Public and patient involvement
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What is Patient & Public Involvement (PPI) at the Irish Cancer Society?
The Irish Cancer Society is committed to putting patients, families, survivors, supporters and the public at the very heart of what we do. In keeping with this commitment, we are working to embed Patient and Public Involvement (PPI) in our research processes. There are many different ways people with cancer can interact with research, specifically by means of participation, engagement, and involvement (1).
- Participation: A person with cancer may be recruited into, and take part in, a research study and provide data of some form.
- Engagement: Engagement is when the researcher communicates and shares research information, for example, at science festivals, public talks, television programmes, or radio.
- Involvement: Involvement is distinct from participation or engagement. Where participation and engagement are conducted ‘to’, ‘about’, and ‘for’ people with cancer, involvement is ‘with’ or ‘by’ people with cancer. People with cancer can be involved at any stage of the research process, from conceptualisation to dissemination.
Why is PPI important?
PPI is becoming increasingly common in research. The Irish Cancer Society is committed to expanding the involvement of those affected by cancer in the research that the Society funds, and in the funding decision-making process. This commitment is reinforced by the Irish Government's National Cancer Strategy (2017-2026) (2), which highlights:
“Patient involvement in cancer research improves the relevance of research questions, the quality, acceptability and feasibility of research conduct and the likelihood of uptake of research outputs.”
PPI creates a partnership between people affected by cancer and researchers. It is more than a tokenistic gesture to comply with policy; it can provide a real and substantial benefit to all stakeholders. While not without its challenges, PPI can:
- Promote a sense of empowerment and value among patients (3).
- Enhance patient trust in researchers (3).
- Improve researchers’ insights into their own research area (3).
- Help researchers identify barriers and come up with solutions to research (3).
- Increase trust and acceptability of research findings in the patient community (3).
- Inform the provision, access, and location of healthcare services (4).
- Improve the dialogue between healthcare professionals and patients (4).
Specific to the cancer setting, PPI may be used by patients as a resource, to make sense of living with a chronic condition (5). People with cancer report feeling enhanced knowledge and skills from taking part in PPI, as well as feeling they contributed to research by providing a lay perspective (i.e. practical knowledge about being a patient with cancer) (6).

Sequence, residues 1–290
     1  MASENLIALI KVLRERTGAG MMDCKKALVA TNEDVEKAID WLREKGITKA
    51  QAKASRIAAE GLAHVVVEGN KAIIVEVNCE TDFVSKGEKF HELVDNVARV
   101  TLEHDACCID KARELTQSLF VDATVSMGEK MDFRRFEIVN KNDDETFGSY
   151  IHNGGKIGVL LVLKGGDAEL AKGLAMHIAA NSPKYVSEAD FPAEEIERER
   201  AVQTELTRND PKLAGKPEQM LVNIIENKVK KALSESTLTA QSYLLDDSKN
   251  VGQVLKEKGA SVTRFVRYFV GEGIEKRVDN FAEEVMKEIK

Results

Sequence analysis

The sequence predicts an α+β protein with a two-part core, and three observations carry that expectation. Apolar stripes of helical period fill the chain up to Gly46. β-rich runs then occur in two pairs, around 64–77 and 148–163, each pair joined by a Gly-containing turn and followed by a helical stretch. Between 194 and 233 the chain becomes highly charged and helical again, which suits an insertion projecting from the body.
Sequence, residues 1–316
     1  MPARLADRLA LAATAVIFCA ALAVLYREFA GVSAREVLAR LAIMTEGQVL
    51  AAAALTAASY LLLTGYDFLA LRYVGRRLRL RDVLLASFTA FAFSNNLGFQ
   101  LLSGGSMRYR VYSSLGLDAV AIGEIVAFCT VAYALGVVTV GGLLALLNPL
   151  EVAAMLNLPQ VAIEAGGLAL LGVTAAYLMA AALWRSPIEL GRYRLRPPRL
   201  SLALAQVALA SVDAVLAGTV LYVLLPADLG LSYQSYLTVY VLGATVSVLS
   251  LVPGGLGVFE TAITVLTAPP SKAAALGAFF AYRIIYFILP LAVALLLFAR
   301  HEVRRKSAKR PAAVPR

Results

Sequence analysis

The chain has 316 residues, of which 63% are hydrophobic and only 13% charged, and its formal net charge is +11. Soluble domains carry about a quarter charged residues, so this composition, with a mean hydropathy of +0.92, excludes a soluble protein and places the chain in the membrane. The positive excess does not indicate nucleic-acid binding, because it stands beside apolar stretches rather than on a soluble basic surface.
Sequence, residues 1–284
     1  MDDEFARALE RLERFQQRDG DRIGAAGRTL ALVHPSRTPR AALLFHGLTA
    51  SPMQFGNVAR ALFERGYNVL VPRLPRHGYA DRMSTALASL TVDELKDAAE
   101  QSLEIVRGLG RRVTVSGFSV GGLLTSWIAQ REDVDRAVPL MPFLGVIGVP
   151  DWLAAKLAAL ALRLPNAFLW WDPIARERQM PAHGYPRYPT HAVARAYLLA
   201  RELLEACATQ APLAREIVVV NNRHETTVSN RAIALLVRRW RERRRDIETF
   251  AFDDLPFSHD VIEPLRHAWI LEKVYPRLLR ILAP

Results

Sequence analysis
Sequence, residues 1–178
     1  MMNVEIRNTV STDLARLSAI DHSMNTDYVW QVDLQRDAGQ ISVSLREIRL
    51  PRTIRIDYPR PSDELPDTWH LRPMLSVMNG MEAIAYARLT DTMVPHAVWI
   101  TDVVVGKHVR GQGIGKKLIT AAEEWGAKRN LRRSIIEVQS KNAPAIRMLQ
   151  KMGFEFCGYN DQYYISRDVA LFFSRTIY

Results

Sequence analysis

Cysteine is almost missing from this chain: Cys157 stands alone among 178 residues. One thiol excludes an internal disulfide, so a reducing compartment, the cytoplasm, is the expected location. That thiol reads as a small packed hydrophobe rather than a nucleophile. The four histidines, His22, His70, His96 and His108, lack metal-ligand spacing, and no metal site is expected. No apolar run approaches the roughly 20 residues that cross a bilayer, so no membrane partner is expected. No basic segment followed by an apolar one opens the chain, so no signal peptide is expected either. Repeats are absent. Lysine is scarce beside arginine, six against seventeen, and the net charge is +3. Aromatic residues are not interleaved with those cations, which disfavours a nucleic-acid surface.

As such, PPI can be a valuable tool in the research process for both patients and researchers, and the Irish Cancer Society aims to expand its PPI work in the coming years.
The Patient Voice in Cancer Research
The Irish Cancer Society are delighted to provide 2019 funding support to the University College Dublin (UCD) Patient Voice in Cancer Research (PVCR) initiative.
This initiative grew out of a clear unmet need to involve the voices of cancer patients within the scientific research process. Its main aim is to enable dialogue between patients and researchers, scientists, funding bodies and patient advocate groups so that the lived experience of cancer patients can enrich, inform and shape the research process.
Get involved in PPI
The Irish Cancer Society research department are seeking PPI representation from individuals affected by cancer (patients, family members, carers, and survivors) to participate in their research processes.
This currently involves our PPI representatives reviewing sections of grant applications that have been submitted to us by cancer researchers and/or participation on grant review interview panels.
If you are interested in becoming a patient representative please email firstname.lastname@example.org for further information.
(1) INVOLVE. (2018). What is public involvement in research? Retrieved from http://www.invo.org.uk/find-out-more/what-is-public-involvement-in-rese…. Accessed 2/08/2018.
(2) Department of Health. (2017). National Cancer Strategy (2017-2016). Retrieved from https://health.gov.ie/wp-content/uploads/2017/07/National-Cancer-Strate…. Accessed 28/08/2018.
(3) Brett, J., Staniszewska, S., Mockford, C., Herron-Marx, S., Hughes, J., Tysall, C., & Suleman, R. (2014a). A systematic review of the impact of patient and public involvement on service users, researchers and communities. The Patient-Patient-Centered Outcomes Research, 7(4), 387-395.
(4) Mockford, C., Staniszewska, S., Griffiths, F., & Herron-Marx, S. (2011). The impact of patient and public involvement on UK NHS health care: a systematic review. International Journal for Quality in Health Care, 24(1), 28-38.
(5) Thompson, J., Bissell, P., Cooper, C. L., Armitage, C. J., & Barber, R. (2014). Exploring the impact of patient and public involvement in a cancer research setting. Qualitative Health Research, 24(1), 46-54.
(6) Froggatt, K., Preston, N., Turner, M., & Kerr, C. (2014). Patient and public involvement in research and the Cancer Experiences Collaborative: benefits and challenges. BMJ Supportive & P Care, 5, 518–521.
For more information
(01) 231 0500